We learned at New York Comic Con that DC had big plans for the landmark one thousandth issue of Action Comics due in spring 2018.
To celebrate the event, DC will release a hardback collection of past stories plus "all 1000 ACTION covers collected in a new poster." That poster will include Booster Gold, who was featured prominently on John Byrne's cover for Action Comics #594.
So we knew Booster Gold would appear in the celebratory hardcover, but what about appearing in Action Comics #1000 itself? We now know the answer is yes. Kind of.
Bleeding Cool reported yesterday that the hardcover will be titled Action Comics #1000: 80 Years of Superman, meaning that the $6 "oversized edition" comic and the $30 companion hardcover book will both be Action Comics #1000!
That might be confusing for fans, but it's good news for those of us looking for Booster to crash Superman's party. We can now definitively say that our hero will be in Action Comics #1000! Just be sure you pick up the right one when they hit your Local Comic Shop early next year.
Monday, October 9, 2017
The closest thing to Booster Gold news coming out of New York Comic Con this past weekend was included in this report of the "Sunday Conversation" panel with Dan DiDio and Keith Giffen (among others) as reported by Joe Glass for BleedingCool.com:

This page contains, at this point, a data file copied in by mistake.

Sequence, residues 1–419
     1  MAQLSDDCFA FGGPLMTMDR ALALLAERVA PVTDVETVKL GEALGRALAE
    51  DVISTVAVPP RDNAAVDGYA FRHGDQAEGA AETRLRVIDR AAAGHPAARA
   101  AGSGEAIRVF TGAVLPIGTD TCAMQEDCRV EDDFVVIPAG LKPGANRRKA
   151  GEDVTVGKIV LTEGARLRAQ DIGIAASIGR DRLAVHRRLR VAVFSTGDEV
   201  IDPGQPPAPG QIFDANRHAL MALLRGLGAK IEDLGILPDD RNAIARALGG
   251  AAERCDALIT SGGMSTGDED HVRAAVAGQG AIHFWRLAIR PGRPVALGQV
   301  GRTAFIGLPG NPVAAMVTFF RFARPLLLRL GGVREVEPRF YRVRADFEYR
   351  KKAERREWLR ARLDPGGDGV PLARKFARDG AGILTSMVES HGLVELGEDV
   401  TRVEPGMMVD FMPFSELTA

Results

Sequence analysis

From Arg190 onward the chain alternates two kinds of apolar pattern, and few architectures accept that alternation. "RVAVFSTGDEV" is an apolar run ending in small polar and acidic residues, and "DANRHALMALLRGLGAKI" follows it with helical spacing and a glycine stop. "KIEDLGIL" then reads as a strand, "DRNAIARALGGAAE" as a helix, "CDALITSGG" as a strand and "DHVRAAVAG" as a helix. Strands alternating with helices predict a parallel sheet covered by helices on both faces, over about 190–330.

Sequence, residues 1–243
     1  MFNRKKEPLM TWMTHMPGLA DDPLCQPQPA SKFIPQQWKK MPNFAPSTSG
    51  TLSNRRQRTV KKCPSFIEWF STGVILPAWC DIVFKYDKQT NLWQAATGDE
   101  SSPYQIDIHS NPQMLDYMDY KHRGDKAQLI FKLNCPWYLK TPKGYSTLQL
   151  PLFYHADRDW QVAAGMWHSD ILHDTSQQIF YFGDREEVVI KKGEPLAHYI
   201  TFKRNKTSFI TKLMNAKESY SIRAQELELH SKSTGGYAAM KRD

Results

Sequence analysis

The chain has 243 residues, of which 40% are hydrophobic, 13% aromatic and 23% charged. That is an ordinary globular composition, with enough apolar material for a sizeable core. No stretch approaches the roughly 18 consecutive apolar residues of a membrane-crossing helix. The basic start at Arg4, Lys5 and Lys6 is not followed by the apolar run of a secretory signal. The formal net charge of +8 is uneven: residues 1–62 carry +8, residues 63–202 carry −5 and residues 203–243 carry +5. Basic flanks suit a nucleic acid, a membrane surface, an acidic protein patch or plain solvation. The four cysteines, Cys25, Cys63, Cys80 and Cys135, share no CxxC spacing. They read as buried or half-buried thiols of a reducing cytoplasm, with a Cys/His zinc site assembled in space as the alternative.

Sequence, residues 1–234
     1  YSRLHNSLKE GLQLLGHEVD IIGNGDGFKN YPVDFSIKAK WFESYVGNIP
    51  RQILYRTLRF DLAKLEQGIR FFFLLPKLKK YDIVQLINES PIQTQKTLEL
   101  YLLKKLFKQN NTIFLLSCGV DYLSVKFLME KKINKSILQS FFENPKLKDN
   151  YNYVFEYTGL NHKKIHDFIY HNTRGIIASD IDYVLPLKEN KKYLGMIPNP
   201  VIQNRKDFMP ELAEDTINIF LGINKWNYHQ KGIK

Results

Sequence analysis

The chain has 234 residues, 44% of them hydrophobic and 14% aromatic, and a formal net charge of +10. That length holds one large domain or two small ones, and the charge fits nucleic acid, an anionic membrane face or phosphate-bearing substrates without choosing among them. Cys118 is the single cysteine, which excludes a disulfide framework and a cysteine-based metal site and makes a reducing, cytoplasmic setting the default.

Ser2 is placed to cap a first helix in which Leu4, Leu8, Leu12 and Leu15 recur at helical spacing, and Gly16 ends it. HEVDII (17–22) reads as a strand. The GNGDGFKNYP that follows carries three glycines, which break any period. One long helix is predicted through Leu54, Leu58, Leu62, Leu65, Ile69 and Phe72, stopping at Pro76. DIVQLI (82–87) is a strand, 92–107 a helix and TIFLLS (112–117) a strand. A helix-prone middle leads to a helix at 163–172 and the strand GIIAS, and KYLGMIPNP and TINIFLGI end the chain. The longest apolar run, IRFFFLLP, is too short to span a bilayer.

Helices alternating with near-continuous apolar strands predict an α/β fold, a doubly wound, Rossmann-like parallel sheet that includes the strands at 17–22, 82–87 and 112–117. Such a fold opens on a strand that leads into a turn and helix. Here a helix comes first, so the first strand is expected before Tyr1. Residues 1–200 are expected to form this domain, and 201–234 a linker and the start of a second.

A fan says he'd love to see Seven Soldiers of Victory book, another says Booster Gold, another with Secret Six. Someone says Ambush Bug (Giffen: "No.")
So Booster was a no-show at NYCC, but he's not so underrepresented at all conventions.
This is George Pooley (with his "best mate") at the MCM Manchester Comic Con in the UK back in July:
See? Blue and Gold were in the house!
Thanks to George for sharing. Keep up the good cosplaying, men.
Wednesday, August 23, 2017
DC Comics released solicitations for November 2017 earlier this week. If you don't already have it in digital or floppy form, you'll soon have a third chance to see Booster's final, one-panel cameo appearance in Smallville continuity courtesy of the aptly-titled Smallville Season Eleven Volume 9: Continuity. That looks like about our only chance to see our hero in November. My question is "Why?"